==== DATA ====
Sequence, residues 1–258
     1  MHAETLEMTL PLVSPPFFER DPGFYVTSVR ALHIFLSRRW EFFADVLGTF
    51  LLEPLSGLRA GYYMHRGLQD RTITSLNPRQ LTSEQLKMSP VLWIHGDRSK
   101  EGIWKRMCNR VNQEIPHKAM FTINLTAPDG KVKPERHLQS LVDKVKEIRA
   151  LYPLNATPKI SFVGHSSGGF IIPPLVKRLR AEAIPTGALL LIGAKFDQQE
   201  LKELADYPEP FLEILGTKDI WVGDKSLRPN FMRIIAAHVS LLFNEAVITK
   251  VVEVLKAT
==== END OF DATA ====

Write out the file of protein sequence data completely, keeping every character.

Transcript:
Sequence, residues 1–258
     1  MHAETLEMTL PLVSPPFFER DPGFYVTSVR ALHIFLSRRW EFFADVLGTF
    51  LLEPLSGLRA GYYMHRGLQD RTITSLNPRQ LTSEQLKMSP VLWIHGDRSK
   101  EGIWKRMCNR VNQEIPHKAM FTINLTAPDG KVKPERHLQS LVDKVKEIRA
   151  LYPLNATPKI SFVGHSSGGF IIPPLVKRLR AEAIPTGALL LIGAKFDQQE
   201  LKELADYPEP FLEILGTKDI WVGDKSLRPN FMRIIAAHVS LLFNEAVITK
   251  VVEVLKAT